Guest Interview: Lisa Jenn Bigelow on Hazel’s Theory of Evolution

Posted September 12, 2019 by dove-author in Guest Posts / 0 Comments


Today I’m interviewing Lisa Jenn Bigelow about her upcoming middle-grade novel, Hazel’s Theory of Evolution, a delightful and heartwrenching story about friends, family and growing up. Also, to the best of my knowledge, the very first middle-grade novel with an a-spec protagonist. I’ve been lucky enough to get a review copy (thank you, Lisa!) and the review will go up next Monday. Hazel’s Theory of Evolution releases on October 8th, 2019. That’s a little under a month from now, so you still have time to preorder this charming story! It’s so sweet. Definitely also get it if you (or your child) love animals. You’ll have a goat time! (Yes, I occasionally pun. Badly. Sorry not sorry?)

For now, though, let me give you the blurb of the book and pass the blog on to Lisa Jenn Bigelow! We talk about asexuality and labels, balancing laughter and tears, and friendship.

Cover for Hazel's Theory of Evolution by Lisa Jenn BigelowHazel knows all about life on Earth. She could tell you anything from what earthworms eat to how fast a turkey can run. That’s because when she’s not hanging out with her best friend, Becca, or helping care for the goats on her family’s farm, she loves reading through dusty old encyclopedias. But even Hazel doesn’t have answers for the questions awaiting her as she enters eighth grade.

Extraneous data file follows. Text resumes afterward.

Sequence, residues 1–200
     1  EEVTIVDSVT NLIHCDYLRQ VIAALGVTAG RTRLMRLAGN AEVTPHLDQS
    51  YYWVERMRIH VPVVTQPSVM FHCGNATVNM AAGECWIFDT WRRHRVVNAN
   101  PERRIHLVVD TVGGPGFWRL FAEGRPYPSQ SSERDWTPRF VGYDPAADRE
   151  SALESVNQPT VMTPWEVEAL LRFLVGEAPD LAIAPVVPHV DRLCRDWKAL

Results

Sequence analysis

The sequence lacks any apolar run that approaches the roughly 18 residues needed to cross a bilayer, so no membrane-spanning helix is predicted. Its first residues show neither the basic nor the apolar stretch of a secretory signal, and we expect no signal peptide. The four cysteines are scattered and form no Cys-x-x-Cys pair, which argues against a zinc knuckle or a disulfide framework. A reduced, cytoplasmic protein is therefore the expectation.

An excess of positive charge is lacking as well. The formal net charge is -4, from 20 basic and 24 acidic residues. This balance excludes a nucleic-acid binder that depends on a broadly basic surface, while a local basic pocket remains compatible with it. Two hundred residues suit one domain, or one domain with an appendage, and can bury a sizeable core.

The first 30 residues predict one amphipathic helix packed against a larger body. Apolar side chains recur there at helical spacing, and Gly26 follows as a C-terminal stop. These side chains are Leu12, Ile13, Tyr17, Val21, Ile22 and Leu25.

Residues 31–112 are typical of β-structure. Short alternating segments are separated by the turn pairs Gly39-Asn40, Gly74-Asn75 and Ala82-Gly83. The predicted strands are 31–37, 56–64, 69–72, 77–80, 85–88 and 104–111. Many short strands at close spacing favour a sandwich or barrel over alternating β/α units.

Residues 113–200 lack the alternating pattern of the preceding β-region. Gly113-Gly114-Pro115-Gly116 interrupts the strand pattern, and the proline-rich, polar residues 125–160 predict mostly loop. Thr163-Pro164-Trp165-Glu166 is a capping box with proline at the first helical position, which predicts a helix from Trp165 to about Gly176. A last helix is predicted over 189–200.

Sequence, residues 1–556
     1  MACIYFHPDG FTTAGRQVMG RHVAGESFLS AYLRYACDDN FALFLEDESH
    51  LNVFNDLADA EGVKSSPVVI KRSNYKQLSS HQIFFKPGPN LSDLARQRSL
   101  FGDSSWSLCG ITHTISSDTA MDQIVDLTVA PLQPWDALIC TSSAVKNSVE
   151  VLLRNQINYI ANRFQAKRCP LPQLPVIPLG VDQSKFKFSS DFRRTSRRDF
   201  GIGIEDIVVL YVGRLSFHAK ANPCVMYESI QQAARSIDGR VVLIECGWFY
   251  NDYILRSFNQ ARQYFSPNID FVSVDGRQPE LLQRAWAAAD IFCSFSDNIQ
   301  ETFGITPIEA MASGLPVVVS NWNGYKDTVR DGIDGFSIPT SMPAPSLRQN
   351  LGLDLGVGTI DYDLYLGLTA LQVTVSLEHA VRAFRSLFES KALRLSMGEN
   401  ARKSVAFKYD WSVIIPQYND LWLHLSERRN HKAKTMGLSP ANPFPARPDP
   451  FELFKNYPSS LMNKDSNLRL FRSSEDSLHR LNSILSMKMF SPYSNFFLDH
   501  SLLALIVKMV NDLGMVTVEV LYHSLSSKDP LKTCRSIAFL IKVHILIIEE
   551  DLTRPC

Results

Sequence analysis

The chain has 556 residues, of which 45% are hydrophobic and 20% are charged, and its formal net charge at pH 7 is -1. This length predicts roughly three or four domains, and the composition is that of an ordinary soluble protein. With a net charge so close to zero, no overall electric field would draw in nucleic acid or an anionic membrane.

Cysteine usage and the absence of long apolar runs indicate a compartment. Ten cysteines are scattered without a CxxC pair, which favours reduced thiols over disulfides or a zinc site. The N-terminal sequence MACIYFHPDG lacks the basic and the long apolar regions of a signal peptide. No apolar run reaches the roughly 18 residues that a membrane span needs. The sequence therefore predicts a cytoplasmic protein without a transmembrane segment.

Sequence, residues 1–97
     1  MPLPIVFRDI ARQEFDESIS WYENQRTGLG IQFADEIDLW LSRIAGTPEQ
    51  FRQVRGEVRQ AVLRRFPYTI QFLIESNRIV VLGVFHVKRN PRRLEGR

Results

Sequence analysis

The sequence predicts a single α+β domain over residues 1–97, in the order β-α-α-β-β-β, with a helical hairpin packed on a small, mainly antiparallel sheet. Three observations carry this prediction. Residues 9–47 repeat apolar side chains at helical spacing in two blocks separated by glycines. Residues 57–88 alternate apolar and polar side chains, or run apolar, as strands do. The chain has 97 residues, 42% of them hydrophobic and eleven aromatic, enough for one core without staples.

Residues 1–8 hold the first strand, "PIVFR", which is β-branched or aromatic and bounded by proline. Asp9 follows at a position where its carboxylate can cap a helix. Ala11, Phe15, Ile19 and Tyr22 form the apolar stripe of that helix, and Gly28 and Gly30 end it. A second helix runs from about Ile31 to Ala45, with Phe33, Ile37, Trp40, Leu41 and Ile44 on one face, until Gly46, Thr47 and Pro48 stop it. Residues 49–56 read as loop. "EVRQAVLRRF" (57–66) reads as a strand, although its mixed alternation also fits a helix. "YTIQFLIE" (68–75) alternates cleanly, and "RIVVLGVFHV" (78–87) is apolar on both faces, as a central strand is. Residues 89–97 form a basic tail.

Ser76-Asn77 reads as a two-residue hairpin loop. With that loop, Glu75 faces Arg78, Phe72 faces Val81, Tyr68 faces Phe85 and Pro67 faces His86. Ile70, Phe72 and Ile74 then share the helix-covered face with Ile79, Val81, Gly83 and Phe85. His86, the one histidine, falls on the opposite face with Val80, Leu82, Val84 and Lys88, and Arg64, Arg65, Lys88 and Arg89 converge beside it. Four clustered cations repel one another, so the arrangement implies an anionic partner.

Due to redistricting, she has to attend a new school where she worries no one will understand her. And at home things get worse when she discovers one of her moms is pregnant. Hazel can’t wait to be a big sister, but her mom has already miscarried twice. Hazel fears it might happen again.

As Hazel struggles through the next few months, she’ll grow to realize that if the answers to life’s most important questions can’t be found in a book, she’ll have to find them within herself.

LEO: Hazel’s Theory of Evolution is one of the most heart-warming, queer books I’ve ever read, yet it deals with some extremely heavy topics such as bullying and the fear of her mother’s pregnancy going wrong. Did you find it difficult to balance between the two?

LJB: Pregnancy loss and infant death can tear families apart, but that wasn’t the story I wanted to tell in Hazel. I wanted to tell the story of a family that stays together, no matter what. That meant giving Hazel’s family (and friends) a lot of love and a lot of laughter because, at the risk of sounding corny, love and laughter are how we all get through the tough times in our lives. I took inspiration from Beverly Cleary’s Quimby family, Lois Lowry’s Krupnik family, and Madeleine L’Engle’s Austin family: funny, frank, and not without drama, but always loving to the core.